Not surprisingly, the training was adrenaline filled. The scenarios were frighteningly realistic, with some guns shooting blanks and air soft guns hitting the trainees with pellets. It made last year’s training seem like a cake walk.
Because of my battle with fear, I was unwilling to participate without wearing a yellow “safety” vest, signaling to the acting “bad guys” not to shoot me.
Even with this unrealistic safety net, and the knowledge that none of the bullets were real, and fully expecting to be faced with a gunman, I was still so startled when the first shot was fired that I froze. I felt trapped, and my body responded instinctually.
I couldn’t think. I couldn’t even move.
Thankfully, I was in the presence of an acquaintance with whom I have undergone a great deal of these training classes on just about every subject under the sun. She saw me freeze, grabbed my jacket, and dragged me to safety.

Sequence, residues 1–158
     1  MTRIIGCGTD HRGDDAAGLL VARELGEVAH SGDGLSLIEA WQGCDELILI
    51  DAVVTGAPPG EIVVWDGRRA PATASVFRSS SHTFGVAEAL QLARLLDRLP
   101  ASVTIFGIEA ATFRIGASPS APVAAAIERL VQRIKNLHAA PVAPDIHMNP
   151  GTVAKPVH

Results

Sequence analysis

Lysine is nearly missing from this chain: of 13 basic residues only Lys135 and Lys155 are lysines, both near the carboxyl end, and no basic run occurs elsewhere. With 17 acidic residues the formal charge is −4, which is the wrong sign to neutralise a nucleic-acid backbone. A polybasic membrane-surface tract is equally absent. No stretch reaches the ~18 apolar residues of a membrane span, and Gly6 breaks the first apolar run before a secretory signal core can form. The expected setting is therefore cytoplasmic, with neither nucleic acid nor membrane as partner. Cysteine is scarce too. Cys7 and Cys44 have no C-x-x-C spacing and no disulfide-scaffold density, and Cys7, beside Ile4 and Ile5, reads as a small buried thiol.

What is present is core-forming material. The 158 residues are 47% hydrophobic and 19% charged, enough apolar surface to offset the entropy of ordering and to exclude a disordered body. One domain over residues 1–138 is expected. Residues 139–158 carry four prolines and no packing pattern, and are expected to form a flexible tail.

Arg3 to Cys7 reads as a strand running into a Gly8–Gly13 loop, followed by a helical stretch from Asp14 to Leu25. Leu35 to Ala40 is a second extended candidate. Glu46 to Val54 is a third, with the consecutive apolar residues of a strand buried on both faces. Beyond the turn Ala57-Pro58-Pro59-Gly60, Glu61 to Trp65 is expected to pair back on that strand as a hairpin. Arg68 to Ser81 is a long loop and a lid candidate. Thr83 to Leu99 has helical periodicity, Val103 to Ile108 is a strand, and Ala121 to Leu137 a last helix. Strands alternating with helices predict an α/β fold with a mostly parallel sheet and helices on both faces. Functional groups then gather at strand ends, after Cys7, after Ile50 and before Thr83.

It shouldn’t have surprised me, my reaction.
The same goal applies in all types of life-threatening situations- escape to live another day. For some reason, this basic principle is difficult for my body to accept. Whether the imminent threat is a rapist or a gunman, I can’t acquiesce. Not again. But that is what my poor battered mind wants me to do. Just hide and hope it all goes away. But it doesn’t.
Because hiding under a desk will get you shot. And believing he won’t hurt you and doing what he says will get you raped.
And here’s where things get really sticky for me. Because if that happens, I’m done. I quit. I shut down. Game over.
But I realized this morning, that even if I do get shot, or I do get raped, I’m not dead yet.
If I freeze again, as long as I’m still breathing, I can unfreeze and fight back. I can still run. I can still survive.